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You Ask. Bev Answers: How Long Do Late Payments Stay on My Credit Reports?

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In a time of great uncertainty, a voice of knowledge and reassurance can make all the difference. Beverly Anderson, President of Global Consumer Solutions at Equifax, answers your questions based on her years of experience in the consumer finance industry. You can post a question for Bev on Equifax’s Facebook page. Bev regrets that she cannot answer every question individually.

Question: I've recently made several late credit card payments due to a Covid-19 related job loss. How long do late payments stay on my credit reports?

Answer:
Generally, a late payment on your credit card account will remain on your credit history for up to seven years, even if you pay the past-due balance in full. The late payment will usually appear on your credit reports starting from the date of the missed payment.

It’s a good idea to regularly check your credit reports to ensure that late payments fall off after the allotted time period. Typically, you’re entitled to a free copy of your credit reports every 12 months from each of the three nationwide credit bureaus. However, in response to the Covid-19 pandemic, all three nationwide credit bureaus — Equifax, Experian and TransUnion — are offering free weekly online credit reports via annualcreditreport.com through April 2021. You can also create a myEquifax account to get six free Equifax credit reports each year. In addition, you can click “Get my free credit score” on your myEquifax dashboard to enroll in Equifax Core Credit™ for a free monthly Equifax credit report and a free monthly VantageScore® 3.0 credit score, based on Equifax data. A VantageScore is one of many types of credit scores you’ll come across. You may see others from your bank or if you apply for credit or a loan.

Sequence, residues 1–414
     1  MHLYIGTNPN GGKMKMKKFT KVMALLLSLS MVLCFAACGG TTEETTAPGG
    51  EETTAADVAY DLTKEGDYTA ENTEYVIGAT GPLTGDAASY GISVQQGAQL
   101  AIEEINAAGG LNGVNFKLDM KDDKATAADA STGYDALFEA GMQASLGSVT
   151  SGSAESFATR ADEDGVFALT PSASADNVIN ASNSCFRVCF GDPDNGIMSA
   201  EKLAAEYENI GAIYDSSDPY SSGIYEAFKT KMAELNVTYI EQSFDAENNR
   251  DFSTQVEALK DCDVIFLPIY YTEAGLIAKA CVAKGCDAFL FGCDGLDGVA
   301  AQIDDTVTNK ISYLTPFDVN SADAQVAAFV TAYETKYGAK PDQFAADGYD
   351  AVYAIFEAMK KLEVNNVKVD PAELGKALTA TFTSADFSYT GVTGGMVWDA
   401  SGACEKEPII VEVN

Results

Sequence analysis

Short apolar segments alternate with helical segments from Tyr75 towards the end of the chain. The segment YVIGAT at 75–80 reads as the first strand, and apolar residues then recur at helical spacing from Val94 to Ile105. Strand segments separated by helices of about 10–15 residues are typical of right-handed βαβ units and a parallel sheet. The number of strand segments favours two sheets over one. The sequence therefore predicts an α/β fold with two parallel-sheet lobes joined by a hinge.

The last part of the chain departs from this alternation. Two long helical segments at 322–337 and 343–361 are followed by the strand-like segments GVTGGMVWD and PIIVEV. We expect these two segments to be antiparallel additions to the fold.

If you have already missed a payment or been late making a payment, you might consider adding a consumer statement to your credit reports. A consumer statement is a brief explanation (no more than 100 words) of your situation, in this case to clarify why you were late making your payment.

Here’s an example of a consumer statement: “Be advised that the negative accounts on my credit report are related to a temporary reduction in income due to the Covid-19 pandemic. I intend to make these up as soon as I can.” Learn how to add a statement to your Equifax credit file here.

Additionally, many lenders are making exceptions because of the Covid-19 pandemic. If you communicate with your lenders before missing a payment, they may be able to work out a delayed or reduced payment plan that is more affordable. Depending on the type of account you have, your lender may agree to let you delay or suspend payments for a period of time. Options vary, so it’s important to reach out to your lender as soon as you are impacted.

Note that any accommodation agreement you’re offered may still include interest and/or late fees, so make sure you understand the terms before you sign off on anything. It’s also important to confirm that your credit reports accurately reflect your accommodation agreement, and you should reach out to your lender if something appears wrong on your credit reports. To contact your lender or creditor, take a look at our Knowledge Center, which includes links to more than 100 different lenders and creditors.

The federal Coronavirus Aid, Relief, and Economic Security (CARES) Act also prescribed some forbearance initiatives to accommodate Americans struggling financially during the Covid-19 pandemic. These included temporarily suspending most federally held student loan payments through September 30, 2020 and halting foreclosures and evictions for federally backed mortgages. You can read the Equifax summary of the CARES Act here to see if any of its relief measures might help you.

About Beverly:
Beverly Anderson is the President of Global Consumer Solutions at Equifax. She is responsible for the strategy, development, growth and profitability of direct and indirect businesses serving consumers with credit, identity and financial education products and services.

For more than three decades, Beverly has built businesses and delivered significant results in the financial services and payments industries. She drove consumer and small business strategies, product strategies, and enterprise growth and profitability strategies for First USA (now JPMorgan Chase), Fleet (now Bank of America) and American Express. Before joining Equifax, she was the Executive Vice President of Cards and Retail Services at Wells Fargo where she led consumer credit cards, co-branded cards, loyalty solutions, retail finance, digital payments and enablement capabilities. She has also held leadership roles managing auto loans, personal lines and loans, servicing, loan operations, collections and fraud operations. https://www.equifax.com/about-equifax/corporate-leadership/beverly-anderson/

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